With Exadata X9M, Oracle has a new version of its database machine Foot. These are preconfigured systems that consist of a server, database software, and management and control tools. Oracle started its hardware about ten years ago. The basis was server technology acquired through the acquisition of Sun Microsystems.
With the new database machine, the manufacturer promises its customers an additional increase in performance. Compared to the previous generation, Exadata X9M mainly accelerates OLTP (Online Transaction Processing) processes. IOPS (Input and Output Operations Per Second) rates will be up to 87 percent higher, and response times for SQL queries are less than 19 milliseconds. Analytical scans of data stores have a capacity of more than terabytes per second. With the system, users can reduce transaction workload costs by up to 42 percent, and for analytical workloads, the potential for savings is up to 47 percent.
Oracle uses the latest Intel CPUs and Optane Persistent Memory (PMem) from the same manufacturer in its hardware. The systems can be equipped with a maximum of 576 CPUs. Compared to its predecessors, this means an increase of 33 percent. Storage capacity has been expanded by 28 percent. Oracle executives announce that users can consolidate more databases into a single Exadata system. This reduces costs and complexity in the process. In addition to transactional operations, users can also run analytical and machine learning workloads. Any combination of application domains within a database machine is also possible.
What’s new in upcoming Exadata systems is that users can now also run Oracle’s current generation of database automation, which was previously only available in the provider’s public cloud infrastructure, in their own data centers. “Cloud @ Customer” from Oracle is required for this. This infrastructure variant is based on the same set of technology as Oracle’s public cloud, but operates in the data centers of user companies. Customers rent these systems that are still owned by Oracle and also operated and managed by the manufacturer.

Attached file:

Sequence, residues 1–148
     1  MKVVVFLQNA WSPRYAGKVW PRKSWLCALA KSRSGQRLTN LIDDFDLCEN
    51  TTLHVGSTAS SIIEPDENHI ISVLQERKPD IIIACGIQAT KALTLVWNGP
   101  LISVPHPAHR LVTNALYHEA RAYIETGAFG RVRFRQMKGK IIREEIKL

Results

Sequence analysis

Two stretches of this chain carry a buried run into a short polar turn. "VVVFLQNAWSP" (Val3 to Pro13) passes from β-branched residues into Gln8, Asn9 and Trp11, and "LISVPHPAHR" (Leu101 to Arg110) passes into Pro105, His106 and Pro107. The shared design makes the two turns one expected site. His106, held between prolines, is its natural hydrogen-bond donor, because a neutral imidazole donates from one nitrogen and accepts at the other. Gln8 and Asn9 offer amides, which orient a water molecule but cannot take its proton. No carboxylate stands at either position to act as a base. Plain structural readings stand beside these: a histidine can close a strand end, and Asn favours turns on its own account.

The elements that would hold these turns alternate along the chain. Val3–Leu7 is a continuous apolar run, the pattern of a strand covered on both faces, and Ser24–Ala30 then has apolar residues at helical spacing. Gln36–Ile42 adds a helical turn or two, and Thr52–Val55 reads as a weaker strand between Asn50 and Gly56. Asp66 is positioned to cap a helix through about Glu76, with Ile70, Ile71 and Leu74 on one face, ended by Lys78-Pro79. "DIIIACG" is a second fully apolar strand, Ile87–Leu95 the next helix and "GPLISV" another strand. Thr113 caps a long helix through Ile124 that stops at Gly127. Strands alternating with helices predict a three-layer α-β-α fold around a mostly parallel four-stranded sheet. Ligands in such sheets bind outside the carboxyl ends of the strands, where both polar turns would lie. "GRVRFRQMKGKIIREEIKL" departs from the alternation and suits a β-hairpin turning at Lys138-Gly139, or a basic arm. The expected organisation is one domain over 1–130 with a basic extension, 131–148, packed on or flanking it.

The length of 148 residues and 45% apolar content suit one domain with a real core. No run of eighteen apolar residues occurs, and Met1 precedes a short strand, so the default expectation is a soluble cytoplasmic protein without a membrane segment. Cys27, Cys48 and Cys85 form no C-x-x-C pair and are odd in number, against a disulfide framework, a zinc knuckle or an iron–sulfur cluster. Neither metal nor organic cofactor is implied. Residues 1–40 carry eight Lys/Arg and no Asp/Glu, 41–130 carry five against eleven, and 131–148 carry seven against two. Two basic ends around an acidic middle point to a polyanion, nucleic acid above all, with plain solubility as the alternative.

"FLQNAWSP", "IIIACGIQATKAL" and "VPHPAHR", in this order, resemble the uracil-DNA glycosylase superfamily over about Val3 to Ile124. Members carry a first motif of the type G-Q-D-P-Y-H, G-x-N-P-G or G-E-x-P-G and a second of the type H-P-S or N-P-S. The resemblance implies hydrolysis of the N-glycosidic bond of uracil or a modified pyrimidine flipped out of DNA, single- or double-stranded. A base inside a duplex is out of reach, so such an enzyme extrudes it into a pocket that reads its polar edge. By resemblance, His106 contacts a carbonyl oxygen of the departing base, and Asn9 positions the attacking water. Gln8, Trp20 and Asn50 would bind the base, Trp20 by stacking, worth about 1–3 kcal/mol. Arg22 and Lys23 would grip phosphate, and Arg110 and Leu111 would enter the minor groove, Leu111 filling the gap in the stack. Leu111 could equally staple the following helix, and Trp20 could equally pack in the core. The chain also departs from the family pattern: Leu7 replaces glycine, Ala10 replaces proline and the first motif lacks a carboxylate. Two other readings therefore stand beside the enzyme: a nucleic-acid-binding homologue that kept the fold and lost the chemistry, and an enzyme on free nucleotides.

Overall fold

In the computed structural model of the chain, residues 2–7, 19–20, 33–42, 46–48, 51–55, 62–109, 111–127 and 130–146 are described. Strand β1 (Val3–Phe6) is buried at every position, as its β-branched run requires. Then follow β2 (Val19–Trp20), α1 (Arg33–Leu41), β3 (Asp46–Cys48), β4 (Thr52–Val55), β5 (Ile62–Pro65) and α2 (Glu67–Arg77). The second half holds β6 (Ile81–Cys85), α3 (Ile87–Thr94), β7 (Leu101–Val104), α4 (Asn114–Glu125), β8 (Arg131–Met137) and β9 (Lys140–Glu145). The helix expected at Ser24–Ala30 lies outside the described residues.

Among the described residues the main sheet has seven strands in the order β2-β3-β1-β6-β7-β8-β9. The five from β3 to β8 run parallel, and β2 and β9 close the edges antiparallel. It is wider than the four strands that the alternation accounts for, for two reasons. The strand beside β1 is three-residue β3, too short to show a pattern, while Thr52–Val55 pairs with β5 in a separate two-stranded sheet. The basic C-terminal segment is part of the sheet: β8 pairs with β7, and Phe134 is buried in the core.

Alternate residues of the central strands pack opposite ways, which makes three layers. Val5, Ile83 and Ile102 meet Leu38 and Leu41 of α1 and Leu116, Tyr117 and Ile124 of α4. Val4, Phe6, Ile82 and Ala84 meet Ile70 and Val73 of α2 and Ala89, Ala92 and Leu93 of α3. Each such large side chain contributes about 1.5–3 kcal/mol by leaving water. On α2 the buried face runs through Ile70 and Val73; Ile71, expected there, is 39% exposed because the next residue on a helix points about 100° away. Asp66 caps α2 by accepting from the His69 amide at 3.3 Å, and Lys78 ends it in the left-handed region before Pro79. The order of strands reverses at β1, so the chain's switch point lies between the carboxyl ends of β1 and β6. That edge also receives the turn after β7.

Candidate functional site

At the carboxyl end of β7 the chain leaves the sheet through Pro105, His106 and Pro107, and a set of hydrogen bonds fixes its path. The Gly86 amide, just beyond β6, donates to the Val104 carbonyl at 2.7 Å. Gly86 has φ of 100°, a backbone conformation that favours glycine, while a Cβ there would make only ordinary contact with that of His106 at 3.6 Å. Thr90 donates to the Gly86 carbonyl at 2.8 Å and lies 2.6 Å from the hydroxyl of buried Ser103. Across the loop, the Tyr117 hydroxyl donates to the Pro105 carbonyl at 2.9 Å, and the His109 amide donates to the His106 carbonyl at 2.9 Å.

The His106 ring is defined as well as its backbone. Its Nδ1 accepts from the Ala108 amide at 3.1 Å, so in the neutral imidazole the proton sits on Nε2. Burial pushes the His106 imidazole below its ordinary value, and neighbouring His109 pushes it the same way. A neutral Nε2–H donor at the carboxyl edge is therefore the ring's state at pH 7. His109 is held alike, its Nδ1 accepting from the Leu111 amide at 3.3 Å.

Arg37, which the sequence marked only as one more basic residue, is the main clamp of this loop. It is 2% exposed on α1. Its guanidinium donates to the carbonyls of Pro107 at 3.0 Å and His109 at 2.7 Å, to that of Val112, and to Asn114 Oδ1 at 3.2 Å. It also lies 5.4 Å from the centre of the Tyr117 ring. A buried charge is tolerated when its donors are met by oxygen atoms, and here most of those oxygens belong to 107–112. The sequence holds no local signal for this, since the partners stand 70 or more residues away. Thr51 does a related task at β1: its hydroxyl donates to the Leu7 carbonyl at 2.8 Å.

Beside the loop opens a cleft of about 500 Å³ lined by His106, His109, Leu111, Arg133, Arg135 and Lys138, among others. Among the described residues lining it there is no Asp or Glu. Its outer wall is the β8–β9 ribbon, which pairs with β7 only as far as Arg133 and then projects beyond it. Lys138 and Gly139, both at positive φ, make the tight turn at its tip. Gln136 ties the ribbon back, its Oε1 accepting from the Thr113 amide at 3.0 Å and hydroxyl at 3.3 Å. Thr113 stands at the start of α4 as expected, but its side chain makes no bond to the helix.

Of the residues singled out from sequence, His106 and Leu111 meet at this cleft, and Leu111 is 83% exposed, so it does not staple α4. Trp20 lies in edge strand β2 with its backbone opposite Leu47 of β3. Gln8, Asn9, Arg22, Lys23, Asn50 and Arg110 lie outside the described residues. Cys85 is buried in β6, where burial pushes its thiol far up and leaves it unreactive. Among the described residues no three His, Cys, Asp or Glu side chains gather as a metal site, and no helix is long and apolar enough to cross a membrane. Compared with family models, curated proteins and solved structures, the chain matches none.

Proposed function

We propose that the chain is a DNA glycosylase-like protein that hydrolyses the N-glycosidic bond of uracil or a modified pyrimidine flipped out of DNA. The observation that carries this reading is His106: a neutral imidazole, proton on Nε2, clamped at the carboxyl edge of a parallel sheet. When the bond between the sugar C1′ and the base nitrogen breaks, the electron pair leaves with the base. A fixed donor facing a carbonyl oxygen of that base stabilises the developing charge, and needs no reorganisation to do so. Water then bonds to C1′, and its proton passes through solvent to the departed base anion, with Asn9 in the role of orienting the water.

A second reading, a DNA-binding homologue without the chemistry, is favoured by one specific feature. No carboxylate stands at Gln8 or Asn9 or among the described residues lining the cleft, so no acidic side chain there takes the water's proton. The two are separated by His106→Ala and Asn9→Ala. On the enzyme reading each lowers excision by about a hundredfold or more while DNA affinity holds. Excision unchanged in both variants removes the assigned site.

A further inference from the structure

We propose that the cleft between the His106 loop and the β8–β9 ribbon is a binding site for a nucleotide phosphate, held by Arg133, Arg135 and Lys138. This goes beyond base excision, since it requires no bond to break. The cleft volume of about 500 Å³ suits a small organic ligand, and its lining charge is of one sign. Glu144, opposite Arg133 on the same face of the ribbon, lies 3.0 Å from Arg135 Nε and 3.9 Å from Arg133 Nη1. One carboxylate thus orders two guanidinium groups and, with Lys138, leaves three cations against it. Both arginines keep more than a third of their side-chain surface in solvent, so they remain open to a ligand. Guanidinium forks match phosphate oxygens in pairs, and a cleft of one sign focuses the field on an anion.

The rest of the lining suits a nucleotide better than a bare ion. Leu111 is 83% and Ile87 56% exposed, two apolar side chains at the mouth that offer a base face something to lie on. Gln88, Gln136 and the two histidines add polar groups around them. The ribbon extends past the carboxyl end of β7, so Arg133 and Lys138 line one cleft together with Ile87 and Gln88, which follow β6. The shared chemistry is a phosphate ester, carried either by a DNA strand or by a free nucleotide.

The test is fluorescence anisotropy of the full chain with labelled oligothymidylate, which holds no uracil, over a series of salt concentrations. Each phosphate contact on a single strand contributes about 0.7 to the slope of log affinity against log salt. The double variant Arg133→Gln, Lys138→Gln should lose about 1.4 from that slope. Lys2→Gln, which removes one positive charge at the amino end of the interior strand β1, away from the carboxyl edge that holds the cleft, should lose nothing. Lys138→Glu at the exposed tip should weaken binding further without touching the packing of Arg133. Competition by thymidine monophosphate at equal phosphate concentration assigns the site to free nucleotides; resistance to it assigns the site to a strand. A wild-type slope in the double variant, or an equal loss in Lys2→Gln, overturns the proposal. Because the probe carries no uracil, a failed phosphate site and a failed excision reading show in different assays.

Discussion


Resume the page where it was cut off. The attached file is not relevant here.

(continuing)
In addition to expanding database options, Oracle is also expanding the functionality of its Exadata systems. For example, individual database instances can now be mapped to specific CPU resources in a more precise manner. Encryption, the key of which is only under the control of the user, should ensure more security. According to Oracle, Access Control Lists (ACLs) ensure more transparency in managing licenses and database access. Oracle Autonomous Data Guard extends disaster recovery to multiple cloud regions. In the future, users will also be able to set up data replication and process data flow in real time across many areas of the provider’s cloud.
Oracle recently introduced “Zero Data Loss Recovery Appliance X9M”. The pre-built system should help users better secure their databases and arm themselves against ransomware attacks. Thus the processes related to backup and recovery can be largely automated.